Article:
Mini-Essay Contest Winner #1: Ashley

If you’ll recall, lovely lurkers, I normally assign a Mini-Essay when teaching Freshman Comp, and also host a Mini-Essay contest, wherein the winning essay (voted on by classroom peers) gets published to this blog. Here is one of two winners this semester, Ashley V. from the 9:30 am ENG 121 class at Front Range. Enjoy.



YouTube Killed the Television Star

by Ashley Vigil

When it comes to entertainment it all started with the radio. Slowly we advanced to the television, which ended up replacing the radio. Following the television, the computer was created and with it the Internet. Entertainment has been developing along with social changes and other technology over the years. Today, most of our generation finds entertainment from the online video sharing website, YouTube. There are a number of reasons why YouTube is more popular than television. YouTube is convenient, big television stars have caught on to the new trend, and it’s relatable.

We live in a society where it’s become common for us to have immediate gratification. There are so many fast food chains that allow us to get food within seconds, there’s online banking, and following that trend, we have YouTube.  A popular YouTube channel, Fine Brothers Entertainment, touch base on the topic of television being replaced by YouTube. They do this by asking different YouTubers to react to Jimmy Fallon clips online. One YouTuber they spoke to, iHasCupquake, made a good point by saying: “[the] good thing about YouTube is that you can watch it whenever you want,” (Fine Brothers Entertainment). Unlike television, any YouTube clip can be watched at any moment in the day, whenever it is convenient for an individual. There is no need to worry about when a show is on because YouTube is there whenever we have the time to spare. Another part of YouTube’s convenience is that it is free. There is no price to pay for YouTube, making it accessible by anyone with Internet access, unlike its counterparts Netflix and Hulu.YouTube killed the tv star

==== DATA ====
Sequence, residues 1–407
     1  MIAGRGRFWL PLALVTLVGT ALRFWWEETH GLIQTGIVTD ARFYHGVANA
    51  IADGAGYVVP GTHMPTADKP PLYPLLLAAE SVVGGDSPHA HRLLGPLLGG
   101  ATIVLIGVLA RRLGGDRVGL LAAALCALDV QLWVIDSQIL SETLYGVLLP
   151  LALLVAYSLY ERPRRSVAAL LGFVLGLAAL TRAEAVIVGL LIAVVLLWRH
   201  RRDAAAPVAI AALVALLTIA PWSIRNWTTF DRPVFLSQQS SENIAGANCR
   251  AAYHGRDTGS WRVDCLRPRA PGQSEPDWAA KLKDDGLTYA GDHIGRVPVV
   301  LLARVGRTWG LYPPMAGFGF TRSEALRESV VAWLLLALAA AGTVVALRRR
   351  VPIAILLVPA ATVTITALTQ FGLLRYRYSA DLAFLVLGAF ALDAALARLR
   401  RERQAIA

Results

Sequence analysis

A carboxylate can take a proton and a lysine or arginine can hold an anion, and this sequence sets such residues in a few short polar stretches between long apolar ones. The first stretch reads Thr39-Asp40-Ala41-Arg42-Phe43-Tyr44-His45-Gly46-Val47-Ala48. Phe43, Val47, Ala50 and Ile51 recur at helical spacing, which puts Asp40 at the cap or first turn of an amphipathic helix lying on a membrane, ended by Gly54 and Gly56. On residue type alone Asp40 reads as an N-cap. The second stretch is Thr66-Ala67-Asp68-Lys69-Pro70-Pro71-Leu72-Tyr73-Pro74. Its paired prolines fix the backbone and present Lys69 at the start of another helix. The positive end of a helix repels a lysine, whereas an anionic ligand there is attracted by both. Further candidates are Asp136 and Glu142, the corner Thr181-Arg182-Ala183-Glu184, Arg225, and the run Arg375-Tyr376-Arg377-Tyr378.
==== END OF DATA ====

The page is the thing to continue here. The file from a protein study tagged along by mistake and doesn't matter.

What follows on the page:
Most recently, big television stars, like Jimmy Fallon or Ellen DeGeneres, have started to upload certain clips from their show to the Internet. The clips are more often short highlights from an episode recently aired on television. YouTuber Jenna Marbles made a compelling point that “If [we are] going to watch the best clip online, [we are] not really going to tune in and watch the whole thing,”(Fine Brothers Entertainment). Not many people know when television shows actually air anymore, and this also relates back to the convenience of YouTube, where we don’t need to know the time a show airs to enjoy an episode.